When we landed yesterday at Los Angeles Airport, I complained, “From green to brown and this ugly airport.” I didn’t want to be here 29 years ago either, when we moved here for my husband’s work. Yesterday, I didn’t want to be here again. Yet this is where we have put down deep roots. We grew a huge Forest of Family & Friendships that have weathered many of the storms of Life with us. We have Community here and that means a lot to me, maybe just as much or more than the gentle beauty of the Northwest.
So as I drove the streets of Los Angeles today on my way to visit a dear old friend, I notice the TREES. They are beautiful here too, just different. They speak to me of strength, shelter, and endurance.
And the bright warm sunshine welcomes me back. Ah, sunny California, where I began the second leg of my journey of adulthood: married life and parenthood.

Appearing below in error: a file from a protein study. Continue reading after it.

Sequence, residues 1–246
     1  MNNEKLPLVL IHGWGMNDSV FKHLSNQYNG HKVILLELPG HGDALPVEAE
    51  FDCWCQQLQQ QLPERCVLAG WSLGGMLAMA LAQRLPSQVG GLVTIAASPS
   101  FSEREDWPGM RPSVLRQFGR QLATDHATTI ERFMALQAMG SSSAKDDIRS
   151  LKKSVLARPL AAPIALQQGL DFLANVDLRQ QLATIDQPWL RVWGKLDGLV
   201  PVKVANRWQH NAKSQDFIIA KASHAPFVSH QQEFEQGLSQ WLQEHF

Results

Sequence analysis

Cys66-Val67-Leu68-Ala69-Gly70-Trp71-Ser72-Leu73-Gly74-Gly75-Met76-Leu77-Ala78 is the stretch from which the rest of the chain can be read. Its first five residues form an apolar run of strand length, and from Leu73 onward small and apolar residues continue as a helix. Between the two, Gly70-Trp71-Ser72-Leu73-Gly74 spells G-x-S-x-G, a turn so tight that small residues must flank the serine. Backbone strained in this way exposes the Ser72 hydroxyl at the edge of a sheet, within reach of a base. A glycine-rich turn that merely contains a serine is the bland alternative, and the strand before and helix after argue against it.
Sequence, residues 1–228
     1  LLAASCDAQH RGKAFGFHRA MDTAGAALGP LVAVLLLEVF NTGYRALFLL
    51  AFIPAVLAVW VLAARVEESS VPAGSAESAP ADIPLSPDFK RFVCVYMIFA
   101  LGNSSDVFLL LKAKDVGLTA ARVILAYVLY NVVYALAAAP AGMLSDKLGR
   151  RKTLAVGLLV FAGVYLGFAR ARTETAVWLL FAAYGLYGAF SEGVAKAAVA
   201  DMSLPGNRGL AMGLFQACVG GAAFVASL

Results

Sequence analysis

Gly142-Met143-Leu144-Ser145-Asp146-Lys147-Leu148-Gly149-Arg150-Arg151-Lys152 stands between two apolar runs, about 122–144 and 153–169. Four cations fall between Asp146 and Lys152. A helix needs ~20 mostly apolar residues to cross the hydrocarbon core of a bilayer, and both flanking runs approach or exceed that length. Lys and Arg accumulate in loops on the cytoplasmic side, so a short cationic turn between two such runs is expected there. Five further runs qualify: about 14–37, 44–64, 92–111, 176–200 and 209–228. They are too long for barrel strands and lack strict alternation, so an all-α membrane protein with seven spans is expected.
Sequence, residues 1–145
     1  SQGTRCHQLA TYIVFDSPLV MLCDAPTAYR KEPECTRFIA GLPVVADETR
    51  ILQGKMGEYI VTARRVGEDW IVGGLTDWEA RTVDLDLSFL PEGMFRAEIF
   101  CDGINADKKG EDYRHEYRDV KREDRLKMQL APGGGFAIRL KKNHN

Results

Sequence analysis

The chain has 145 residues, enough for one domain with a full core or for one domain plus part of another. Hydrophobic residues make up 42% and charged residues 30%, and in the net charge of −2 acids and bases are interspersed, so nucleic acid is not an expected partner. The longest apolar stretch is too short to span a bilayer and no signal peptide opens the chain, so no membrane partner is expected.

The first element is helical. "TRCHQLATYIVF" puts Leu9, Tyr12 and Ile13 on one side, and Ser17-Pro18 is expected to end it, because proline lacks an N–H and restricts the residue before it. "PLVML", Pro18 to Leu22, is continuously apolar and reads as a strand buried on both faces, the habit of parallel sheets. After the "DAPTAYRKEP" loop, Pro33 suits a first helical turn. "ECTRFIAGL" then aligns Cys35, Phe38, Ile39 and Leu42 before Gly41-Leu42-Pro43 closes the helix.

Now another leg of the journey beckons. ~ Our children are grown and soon to fly further from the nest. (Our eldest moves out into his own apartment this summer and our daughter flies to Univ. of Hawaii.) My husband, a recently retired engineer says we are at “maximum transition” in our family. As we enter this new phase of life, I feel a carefree spirit rising within me and a deeper need to give back what I’ve learned to other parents and families.
I’ve been reading Joan Anderson’s book, “The Second Journey, The Road Back to Yourself”. She goes away to the Scottish island of Iona seeking to find answers there. She meets a wise old man in a chapel. He asks her if she’s found what she was looking for. She responds, “I’m afraid I’ve come with too full of an agenda, trying to get too much out of your island in too short of a time.”
“Just be still,” he says, “wherever you are. Iona is no Utopia . . . there is no such thing.
It’s all here,” he says, pointing to his heart.
“Pray, but don’t expect anything,” the old man cautions. “A few minutes with a painting, a sunrise, or even listening to a string quartet will give you more than what you need.”
I strive to live like this, one day at a time, wherever I am.
I remember again ~ my heart is my Home.